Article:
Caruana Galizia Murder Suspects Have Not Asked For A Presidential Pardon As Motive Remains Unclear
Maltese police confirm FBI will continue helping them in court case against three murder suspects
Photo from Net News live coverage of arraignments
The three men who have been charged with the assassination of Daphne Caruana Galizia have not requested a presidential pardon in return for telling the police who ordered the hit on the journalist, a police spokesperson has told Lovin Malta.
The police say they have rock solid electronic evidence linking the three men - George and Alfred Degiorgio and Vince Muscat - to the murder of Caruana Galizia on 16th October. Alfred Degiorgio and Vince Muscat were reportedly on lookout in Bidnija, while George Degiorgio was stationed on a boat from where he delivered a fatal SMS to an electronic device which triggered a bomb planted inside Caruana Galizia’s car.
Responding to questions from Lovin Malta, the police confirmed the FBI, Europol, and Finland’s National Bureau of Investigation will continue supporting the Malta Police with the court case against the three suspects. However, they refused to comment when asked whether the magisterial inquiry led by Anthony Vella will continue.
Although the evidence against the three men would appear to be solid, the motive behind the assassination remains a complete mystery. In a statement this evening, the Caruana Galizia family noted that the late journalist never wrote about any of the three suspects who were charged in court and only briefly wrote about one of the seven men who were arrested but then released on police bail.
The FBI will continue assisting the Maltese police in their investigations. (Stock photo)
MaltaToday reported the assassination is believed to have been sub-contracted twice, which would give the mastermind two layers to hide behind and render the three suspects mere stooges.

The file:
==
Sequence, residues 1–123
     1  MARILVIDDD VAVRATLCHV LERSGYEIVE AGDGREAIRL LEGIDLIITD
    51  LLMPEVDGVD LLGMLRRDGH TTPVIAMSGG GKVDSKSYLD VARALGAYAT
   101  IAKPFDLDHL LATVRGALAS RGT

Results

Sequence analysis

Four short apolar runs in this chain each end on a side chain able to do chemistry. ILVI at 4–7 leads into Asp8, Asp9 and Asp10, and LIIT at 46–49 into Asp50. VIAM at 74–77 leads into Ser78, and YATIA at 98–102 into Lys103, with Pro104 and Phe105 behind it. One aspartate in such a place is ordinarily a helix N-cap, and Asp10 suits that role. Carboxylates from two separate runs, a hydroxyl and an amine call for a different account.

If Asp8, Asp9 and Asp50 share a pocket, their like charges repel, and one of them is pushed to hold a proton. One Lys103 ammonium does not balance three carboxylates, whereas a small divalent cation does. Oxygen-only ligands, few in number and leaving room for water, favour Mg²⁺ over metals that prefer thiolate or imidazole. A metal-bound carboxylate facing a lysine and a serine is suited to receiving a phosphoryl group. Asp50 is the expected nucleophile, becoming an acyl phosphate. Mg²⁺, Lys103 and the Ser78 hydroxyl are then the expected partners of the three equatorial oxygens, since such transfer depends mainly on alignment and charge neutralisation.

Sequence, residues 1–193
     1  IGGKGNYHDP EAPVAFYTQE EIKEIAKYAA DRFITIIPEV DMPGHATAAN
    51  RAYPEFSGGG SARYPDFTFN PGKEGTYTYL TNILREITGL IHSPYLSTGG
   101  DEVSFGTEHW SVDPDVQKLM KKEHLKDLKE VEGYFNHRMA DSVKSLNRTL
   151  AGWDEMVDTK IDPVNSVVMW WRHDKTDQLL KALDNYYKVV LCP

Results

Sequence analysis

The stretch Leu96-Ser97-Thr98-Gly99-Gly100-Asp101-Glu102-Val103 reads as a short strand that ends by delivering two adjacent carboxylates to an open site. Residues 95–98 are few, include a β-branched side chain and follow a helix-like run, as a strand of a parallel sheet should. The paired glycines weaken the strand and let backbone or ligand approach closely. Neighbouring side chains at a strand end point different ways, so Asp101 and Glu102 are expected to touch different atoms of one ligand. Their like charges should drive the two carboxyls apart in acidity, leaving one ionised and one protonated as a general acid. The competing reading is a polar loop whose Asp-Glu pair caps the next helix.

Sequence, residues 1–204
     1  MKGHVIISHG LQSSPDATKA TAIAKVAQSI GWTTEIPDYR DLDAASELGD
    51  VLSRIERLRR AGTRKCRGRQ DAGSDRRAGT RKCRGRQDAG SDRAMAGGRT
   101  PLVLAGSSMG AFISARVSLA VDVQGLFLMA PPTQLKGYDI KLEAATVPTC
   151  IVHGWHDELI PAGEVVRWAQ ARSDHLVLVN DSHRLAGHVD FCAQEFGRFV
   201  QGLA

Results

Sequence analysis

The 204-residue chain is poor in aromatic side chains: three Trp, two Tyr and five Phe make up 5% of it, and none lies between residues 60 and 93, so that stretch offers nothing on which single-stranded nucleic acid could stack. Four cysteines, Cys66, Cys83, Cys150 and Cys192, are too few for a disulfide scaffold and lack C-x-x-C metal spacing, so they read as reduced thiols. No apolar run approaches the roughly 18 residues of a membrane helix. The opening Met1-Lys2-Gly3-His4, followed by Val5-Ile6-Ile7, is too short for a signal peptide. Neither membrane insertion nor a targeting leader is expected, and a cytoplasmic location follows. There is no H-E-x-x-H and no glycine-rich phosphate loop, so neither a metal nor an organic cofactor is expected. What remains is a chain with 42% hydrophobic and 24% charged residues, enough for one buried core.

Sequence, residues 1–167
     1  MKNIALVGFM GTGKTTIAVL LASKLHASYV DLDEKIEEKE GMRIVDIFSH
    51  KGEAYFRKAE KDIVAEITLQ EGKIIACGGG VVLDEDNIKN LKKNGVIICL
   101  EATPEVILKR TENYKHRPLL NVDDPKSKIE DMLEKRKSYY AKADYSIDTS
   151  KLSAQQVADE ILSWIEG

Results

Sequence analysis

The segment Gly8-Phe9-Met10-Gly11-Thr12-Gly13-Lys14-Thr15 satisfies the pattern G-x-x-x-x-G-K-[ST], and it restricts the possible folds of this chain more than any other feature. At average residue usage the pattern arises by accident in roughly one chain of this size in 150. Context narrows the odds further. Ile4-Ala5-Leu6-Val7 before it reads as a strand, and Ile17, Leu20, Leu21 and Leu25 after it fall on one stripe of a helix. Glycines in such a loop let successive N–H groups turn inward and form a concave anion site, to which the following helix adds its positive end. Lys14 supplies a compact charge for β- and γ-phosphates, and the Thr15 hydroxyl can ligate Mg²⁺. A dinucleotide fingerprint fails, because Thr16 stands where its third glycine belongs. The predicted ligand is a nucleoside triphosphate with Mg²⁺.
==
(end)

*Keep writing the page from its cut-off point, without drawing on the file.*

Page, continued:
Police have had a hard time prying any sort of information from the three suspects who have reportedly refused to speak at all during their interrogation. However, the suspects do have a crucial tool at their disposal - namely a request for a presidential pardon, which would grant them immunity in return for ratting out on the person or people who had ordered the hit on Caruana Galizia.
A parliamentary question in 2016 revealed that 414 applications for a presidential pardon had been filed since 2010 and 43 were accepted. Most of the application were related to fines, and most of these had to do with VAT fraud.
Daphne Caruana Galizia's family noted that she never investigated any of the ten suspects
Granting a presidential pardon for such a major national case would prove controversial for the government, but it would not be unprecedented. In 1996, Joseph Fenech (Zeppi l-Hafi) was granted a pardon in return for evidence implicating drug lord Meinrad Calleja in the attempted murder of Richard Cachia Caruana, back then the personal assistant of Prime Minister Eddie Fenech Adami.
In 1997, a convicted drug trafficker was granted a presidential pardon against the wishes of Labour Prime Minister Alfred Sant. The pardon was revoked and then justice minister Charles Mangion was made to resign. A few weeks before the 2013 election, the then PN government granted oil trader George Farrugia a pardon in return for information on corruption at Enemalta.